Medical Device Daily Washington Editor
WASHINGTON – The Agency for Healthcare Research and Quality (AHRQ; Washington) is getting under way with a new quality initiative that could have an impact on the medical device sector.
One of the agency’s newest endeavors – called “What Works in Healthcare” – was partly mandated through the Medicare Modernization Act of 2003 (MMA). A total of $15 million was allocated in the federal budget for fiscal year 2005 to conduct research focusing on outcomes, comparative clinical effectiveness and appropriateness of healthcare items and services, including devices, drugs and various therapies, on a list of different diseases and conditions.
At first, the project will focus on Medicare patients, but researchers know the impact information gathered will go beyond that community.
“The statute ties the work we do to the need of CMS, but I think this program has relevance beyond CMS [Centers for Medicare & Medicaid Services],” Jean Slutsky, director of AHRQ’s center for outcomes and evidence, told Medical Device Daily. “As we all know, their [Medicare patients] needs are not dissimilar to anyone in the healthcare system. But whether you’re a patient, you, me, the manufacturer of a device, or an employee benefit manager, all of us have the need for this information.”
The priority conditions identified for this part of the study are:
- Arthritis and non-traumatic joint disorders
- Chronic obstructive pulmonary disease/asthma
- Dementia, including Alzheimer’s disease
- Depression and other mood disorders
- Diabetes mellitus
- Ischemic heart disease
- Peptic ulcer/dyspepsia
- Stroke, including control of hypertension
In the beginning, the research will take the form of systematic reviews of current scientific literature, published outcomes evidence, and information on comparative clinical effectiveness. Officials at CMS offered input on questions they’d like to see answered by the research. Public comment also was taken into consideration.
“This is a very user-driven program and CMS is certainly one of the drivers because they have a large beneficiary base, but clearly we are asking people in the private sector to provide input as well,” Slutsky said.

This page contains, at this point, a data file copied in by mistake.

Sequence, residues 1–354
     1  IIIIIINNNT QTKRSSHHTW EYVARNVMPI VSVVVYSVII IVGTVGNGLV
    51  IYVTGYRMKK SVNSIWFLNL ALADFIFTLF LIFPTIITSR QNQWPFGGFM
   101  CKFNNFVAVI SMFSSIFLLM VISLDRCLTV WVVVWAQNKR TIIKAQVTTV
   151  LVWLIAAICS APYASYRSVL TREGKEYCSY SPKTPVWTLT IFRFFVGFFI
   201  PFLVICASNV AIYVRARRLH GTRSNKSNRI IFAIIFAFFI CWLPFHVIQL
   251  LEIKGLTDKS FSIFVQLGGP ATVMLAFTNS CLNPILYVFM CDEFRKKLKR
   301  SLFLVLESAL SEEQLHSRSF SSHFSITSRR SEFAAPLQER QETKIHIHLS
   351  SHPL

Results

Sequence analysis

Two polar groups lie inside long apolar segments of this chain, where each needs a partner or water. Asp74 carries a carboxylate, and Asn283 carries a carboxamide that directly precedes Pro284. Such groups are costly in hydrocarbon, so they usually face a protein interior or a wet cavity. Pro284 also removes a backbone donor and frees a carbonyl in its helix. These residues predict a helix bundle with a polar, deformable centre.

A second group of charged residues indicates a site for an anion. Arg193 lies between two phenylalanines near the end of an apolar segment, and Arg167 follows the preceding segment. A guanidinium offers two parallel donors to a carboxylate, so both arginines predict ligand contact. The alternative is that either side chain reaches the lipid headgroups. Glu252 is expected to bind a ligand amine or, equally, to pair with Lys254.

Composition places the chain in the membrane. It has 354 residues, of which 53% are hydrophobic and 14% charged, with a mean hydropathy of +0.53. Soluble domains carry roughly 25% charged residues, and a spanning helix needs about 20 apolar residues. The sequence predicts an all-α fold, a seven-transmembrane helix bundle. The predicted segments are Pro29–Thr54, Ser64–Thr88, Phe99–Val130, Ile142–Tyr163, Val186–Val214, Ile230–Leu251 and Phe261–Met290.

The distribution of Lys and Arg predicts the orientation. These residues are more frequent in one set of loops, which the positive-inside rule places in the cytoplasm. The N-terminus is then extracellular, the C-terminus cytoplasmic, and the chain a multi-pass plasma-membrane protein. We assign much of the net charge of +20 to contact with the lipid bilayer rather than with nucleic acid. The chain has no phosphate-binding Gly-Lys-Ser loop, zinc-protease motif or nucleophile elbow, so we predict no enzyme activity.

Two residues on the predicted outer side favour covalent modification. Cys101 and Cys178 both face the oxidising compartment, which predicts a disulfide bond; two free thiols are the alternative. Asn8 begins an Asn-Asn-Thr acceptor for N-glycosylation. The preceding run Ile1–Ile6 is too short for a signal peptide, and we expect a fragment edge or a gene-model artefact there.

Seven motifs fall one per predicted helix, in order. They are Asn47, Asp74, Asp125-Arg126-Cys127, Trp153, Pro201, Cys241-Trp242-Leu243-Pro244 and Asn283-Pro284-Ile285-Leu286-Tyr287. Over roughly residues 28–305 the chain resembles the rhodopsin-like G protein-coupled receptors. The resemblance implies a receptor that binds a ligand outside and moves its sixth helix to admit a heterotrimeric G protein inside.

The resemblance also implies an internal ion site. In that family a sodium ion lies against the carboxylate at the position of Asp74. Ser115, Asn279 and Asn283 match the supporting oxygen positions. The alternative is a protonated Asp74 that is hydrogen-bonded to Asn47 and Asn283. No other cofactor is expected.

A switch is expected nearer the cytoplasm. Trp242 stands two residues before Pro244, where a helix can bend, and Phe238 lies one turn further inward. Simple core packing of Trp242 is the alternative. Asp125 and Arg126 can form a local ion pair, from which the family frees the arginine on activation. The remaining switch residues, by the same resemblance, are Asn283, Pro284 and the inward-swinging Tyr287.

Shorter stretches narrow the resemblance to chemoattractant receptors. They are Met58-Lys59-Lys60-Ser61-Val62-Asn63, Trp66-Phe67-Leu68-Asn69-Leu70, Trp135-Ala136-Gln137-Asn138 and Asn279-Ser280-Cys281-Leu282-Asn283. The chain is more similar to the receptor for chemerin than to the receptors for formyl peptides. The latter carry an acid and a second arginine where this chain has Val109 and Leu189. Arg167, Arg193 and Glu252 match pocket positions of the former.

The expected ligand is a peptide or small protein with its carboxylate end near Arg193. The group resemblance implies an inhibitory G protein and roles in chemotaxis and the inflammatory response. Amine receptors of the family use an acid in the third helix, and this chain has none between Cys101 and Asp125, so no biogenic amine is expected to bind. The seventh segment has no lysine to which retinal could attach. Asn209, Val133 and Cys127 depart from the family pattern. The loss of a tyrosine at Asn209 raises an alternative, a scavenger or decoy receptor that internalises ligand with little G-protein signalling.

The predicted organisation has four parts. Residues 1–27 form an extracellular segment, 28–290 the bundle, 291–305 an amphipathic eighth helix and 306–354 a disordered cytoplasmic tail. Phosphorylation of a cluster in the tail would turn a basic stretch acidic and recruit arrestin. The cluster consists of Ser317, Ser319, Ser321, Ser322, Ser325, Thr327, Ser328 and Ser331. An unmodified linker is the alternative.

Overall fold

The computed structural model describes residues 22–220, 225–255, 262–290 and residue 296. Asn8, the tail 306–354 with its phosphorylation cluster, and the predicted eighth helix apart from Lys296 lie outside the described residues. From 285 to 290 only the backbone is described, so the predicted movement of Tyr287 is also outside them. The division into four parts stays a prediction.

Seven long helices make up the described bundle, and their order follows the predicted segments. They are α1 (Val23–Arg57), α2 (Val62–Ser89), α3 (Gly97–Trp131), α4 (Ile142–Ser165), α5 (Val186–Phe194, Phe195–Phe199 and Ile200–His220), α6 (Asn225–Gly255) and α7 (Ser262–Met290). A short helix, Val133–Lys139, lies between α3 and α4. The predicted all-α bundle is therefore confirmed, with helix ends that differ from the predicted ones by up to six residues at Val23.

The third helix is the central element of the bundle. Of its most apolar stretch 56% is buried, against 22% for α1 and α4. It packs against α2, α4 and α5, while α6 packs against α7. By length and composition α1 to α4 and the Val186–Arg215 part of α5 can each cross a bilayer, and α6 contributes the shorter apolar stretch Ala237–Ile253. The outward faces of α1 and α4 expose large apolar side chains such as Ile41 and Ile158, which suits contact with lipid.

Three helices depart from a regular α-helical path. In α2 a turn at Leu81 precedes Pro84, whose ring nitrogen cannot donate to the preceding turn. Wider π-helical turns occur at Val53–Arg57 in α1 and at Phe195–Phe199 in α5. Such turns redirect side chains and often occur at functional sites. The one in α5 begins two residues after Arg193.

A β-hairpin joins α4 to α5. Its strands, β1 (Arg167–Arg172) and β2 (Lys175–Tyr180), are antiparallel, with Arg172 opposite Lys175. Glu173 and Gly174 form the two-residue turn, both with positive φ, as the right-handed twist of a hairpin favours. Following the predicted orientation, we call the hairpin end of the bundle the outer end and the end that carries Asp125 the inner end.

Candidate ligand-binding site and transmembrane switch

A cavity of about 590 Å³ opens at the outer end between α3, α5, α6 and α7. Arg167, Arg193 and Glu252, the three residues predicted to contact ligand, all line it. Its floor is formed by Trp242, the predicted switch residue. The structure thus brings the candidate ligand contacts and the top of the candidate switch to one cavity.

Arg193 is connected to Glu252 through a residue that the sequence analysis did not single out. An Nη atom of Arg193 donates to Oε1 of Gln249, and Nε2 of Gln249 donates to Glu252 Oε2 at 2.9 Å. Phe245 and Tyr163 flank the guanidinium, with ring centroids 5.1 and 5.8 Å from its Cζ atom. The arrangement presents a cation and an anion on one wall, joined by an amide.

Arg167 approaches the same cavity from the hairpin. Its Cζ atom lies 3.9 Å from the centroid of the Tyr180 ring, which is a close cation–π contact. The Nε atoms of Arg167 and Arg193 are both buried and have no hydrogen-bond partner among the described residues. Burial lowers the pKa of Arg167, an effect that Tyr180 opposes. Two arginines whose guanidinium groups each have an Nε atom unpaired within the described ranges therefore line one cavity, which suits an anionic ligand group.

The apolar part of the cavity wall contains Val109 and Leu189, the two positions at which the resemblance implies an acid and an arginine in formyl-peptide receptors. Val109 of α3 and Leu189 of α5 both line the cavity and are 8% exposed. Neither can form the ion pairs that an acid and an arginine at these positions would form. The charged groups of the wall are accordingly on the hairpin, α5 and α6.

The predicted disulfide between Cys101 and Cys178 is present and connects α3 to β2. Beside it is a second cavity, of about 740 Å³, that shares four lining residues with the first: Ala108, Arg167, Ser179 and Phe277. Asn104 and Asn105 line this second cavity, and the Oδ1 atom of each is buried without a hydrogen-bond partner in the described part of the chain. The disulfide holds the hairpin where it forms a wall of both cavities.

She said comparisons may compare the outcomes of drug or device therapies to clinical results from a patient’s behavioral changes. Slutsky emphasized that the research was not intended to single out or name an individual device or drug in particular, though research may evaluate the impact of a class of device on the treatment of a disease.
“The nice thing I like about this program – and of particular interest to your audience – is that this program is not designed to say a device doesn’t work and it is not designed to shut off avenues to innovation,” she explained. “That is not the intent of the program. The intent of the program is to provide the best available evidence for decisions, and find out where we need to fill research gaps.”
She added: “It is not like Coke vs. Pepsi.”
The results of the studies will be made available to Medicare and Medicaid, in addition to health plans, prescription drug plans, other healthcare providers and the public. Slutsky said that additional information will be posted for comment as the agency moves forward with the research, but that they were still working out most of the details.
She said research would be creative and explore new methodologies, but that the information passed along to different audiences would be tailored to suit the individual needs of the audience.
No matter who the audience is, Slutsky said, the emphasis of the research would be “real-world and practical,” and published “in plain language.”
“Our common goals are to ensure that beneficiaries and their clinicians have the best possible information to inform treatment choices based on the scientific evidence that will be gathered and produced in this research effort,” said AHRQ Director Carolyn Clancy, MD. “The findings also will support private-sector initiatives to provide high-quality, safe healthcare that represents the best value.”
The White House’s budget for fiscal year 2006 includes a request for an additional $15 million to keep the program afloat longer.
“But we’ll all have to wait and see what happens there,” Slutsky said.
AHRQ is one of the smallest agencies within the U.S. Department of Health and Human Services.